Menu
:
:



Diel emergence, swarming, and longevity of selected adult aquatic insects of a Sonoran Desert stream

350 210 Stroud Water Research Center

Jackson, J. K. 1988. American Midland Naturalist 119(2):344–352.

doi: 10.2307/2425817

Abstract

Diel emergence patterns, swarming and mating behavior, and longevity of seven taxa of adult aquatic insects (Diptera, Ephemeroptera, Trichoptera) from Sycamore Creek, Arizona, were examined. Emergence was synchronized and generally occurred during the 1st 2 hr after dusk; however, the mayfly Tricorythodes dimorphus emerged 3–6 hr later. In the laboratory, adults lived for 24 hr (all other taxa) at 25° C. High air temperature (38° C) reduced adult longevity by 47–78%. Mating swarms were observed only at dusk, dawn and early morning. Adult aquatic insects in Sycamore Creek possess life history traits (rapid development, synchronized nocturnal emergence, reduced daytime flight and bimodal adult longevity) that are advantageous in desert streams which periodically dry and flood and are surrounded by a hot, desiccating, riparian habitat containing numerous insectivores.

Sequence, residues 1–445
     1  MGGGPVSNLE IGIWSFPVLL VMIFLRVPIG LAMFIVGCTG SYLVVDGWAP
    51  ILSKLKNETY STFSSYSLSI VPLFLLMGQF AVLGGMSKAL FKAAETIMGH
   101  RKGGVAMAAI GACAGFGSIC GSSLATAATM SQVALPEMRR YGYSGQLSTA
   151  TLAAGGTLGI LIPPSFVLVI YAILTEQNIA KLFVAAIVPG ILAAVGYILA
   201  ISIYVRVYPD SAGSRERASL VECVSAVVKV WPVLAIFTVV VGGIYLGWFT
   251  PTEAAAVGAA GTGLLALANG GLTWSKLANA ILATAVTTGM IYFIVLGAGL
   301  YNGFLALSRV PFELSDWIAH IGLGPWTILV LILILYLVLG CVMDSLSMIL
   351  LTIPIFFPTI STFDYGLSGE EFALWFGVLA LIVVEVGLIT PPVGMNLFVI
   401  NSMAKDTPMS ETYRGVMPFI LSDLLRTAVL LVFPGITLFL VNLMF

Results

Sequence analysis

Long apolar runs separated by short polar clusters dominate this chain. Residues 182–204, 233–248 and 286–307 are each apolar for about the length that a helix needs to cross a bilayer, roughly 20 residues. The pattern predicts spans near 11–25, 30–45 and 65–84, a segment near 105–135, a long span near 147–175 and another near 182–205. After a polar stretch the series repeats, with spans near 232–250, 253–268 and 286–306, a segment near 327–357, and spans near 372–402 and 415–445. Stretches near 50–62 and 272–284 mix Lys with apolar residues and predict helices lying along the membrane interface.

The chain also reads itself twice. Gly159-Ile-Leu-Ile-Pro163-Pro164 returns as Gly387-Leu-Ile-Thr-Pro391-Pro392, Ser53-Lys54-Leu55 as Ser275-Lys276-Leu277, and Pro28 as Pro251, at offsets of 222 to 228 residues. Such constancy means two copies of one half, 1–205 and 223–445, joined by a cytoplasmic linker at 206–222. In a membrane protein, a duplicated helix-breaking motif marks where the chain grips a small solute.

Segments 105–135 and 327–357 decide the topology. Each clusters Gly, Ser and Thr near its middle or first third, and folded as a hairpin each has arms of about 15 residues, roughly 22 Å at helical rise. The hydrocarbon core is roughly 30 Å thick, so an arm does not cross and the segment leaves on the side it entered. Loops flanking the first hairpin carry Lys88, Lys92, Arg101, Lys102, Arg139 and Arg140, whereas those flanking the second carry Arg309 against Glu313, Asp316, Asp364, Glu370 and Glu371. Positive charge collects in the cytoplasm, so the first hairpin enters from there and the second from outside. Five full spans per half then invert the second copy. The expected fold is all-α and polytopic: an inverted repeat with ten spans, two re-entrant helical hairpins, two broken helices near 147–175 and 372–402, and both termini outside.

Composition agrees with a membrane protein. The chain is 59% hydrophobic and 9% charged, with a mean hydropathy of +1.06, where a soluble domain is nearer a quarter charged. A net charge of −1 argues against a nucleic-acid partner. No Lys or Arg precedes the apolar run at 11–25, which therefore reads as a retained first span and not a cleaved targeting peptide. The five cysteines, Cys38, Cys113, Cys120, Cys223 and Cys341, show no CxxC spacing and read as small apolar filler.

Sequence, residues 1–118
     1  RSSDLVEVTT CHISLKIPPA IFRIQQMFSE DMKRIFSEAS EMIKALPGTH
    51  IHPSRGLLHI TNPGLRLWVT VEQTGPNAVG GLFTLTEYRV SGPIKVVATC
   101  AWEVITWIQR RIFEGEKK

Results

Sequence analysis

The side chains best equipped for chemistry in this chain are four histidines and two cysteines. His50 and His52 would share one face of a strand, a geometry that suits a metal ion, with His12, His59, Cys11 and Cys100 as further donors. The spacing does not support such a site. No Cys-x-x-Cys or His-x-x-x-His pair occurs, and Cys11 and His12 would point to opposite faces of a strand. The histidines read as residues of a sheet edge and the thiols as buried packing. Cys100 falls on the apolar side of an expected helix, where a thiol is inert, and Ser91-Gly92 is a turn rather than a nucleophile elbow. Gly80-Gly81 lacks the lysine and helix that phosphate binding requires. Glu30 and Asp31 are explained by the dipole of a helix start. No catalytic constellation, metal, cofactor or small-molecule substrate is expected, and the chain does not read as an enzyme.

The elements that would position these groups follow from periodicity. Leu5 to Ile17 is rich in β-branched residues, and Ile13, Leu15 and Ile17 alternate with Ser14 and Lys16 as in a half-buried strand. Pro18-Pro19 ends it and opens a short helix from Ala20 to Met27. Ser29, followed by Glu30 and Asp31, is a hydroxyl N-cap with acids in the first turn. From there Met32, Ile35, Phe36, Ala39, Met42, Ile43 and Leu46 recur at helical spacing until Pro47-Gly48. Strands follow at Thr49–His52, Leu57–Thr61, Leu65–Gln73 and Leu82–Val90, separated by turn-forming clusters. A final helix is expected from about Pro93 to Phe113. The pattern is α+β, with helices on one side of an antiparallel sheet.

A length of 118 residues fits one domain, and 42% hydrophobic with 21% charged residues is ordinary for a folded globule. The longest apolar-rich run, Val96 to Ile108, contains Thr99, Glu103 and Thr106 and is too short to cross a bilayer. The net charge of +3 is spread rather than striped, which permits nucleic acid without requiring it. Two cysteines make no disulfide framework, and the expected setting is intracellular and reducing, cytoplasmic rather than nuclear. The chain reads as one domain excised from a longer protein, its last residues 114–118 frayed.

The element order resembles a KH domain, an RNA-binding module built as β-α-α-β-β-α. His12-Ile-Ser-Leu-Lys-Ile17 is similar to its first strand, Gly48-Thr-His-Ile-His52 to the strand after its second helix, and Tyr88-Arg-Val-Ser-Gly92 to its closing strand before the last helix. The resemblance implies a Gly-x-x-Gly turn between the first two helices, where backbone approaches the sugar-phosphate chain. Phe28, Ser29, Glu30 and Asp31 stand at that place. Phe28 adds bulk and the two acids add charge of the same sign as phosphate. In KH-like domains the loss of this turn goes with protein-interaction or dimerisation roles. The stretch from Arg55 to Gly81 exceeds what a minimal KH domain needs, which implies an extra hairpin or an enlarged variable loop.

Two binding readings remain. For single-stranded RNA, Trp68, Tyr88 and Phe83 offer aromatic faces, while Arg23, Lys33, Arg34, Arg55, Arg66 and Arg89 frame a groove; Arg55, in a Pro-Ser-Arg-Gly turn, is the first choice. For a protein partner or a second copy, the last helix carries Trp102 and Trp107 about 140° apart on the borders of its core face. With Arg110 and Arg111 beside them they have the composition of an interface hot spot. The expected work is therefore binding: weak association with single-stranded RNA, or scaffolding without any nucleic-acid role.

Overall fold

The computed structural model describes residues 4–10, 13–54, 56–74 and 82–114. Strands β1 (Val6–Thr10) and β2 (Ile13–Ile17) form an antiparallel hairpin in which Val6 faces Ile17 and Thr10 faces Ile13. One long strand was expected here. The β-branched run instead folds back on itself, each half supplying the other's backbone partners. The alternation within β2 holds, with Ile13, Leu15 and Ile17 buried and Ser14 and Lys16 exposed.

Give the Gift of Fresh Water

As you give thanks for the gifts in your life, we invite you to give the gift of water. Clean drinking water, good health, happy trout, productive soil, clean air, the simple joys of swimming, boating, fishing — our healthy freshwater ecosystems make these and so many other things possible.

Your donation today will help preserve and protect
the future of fresh water.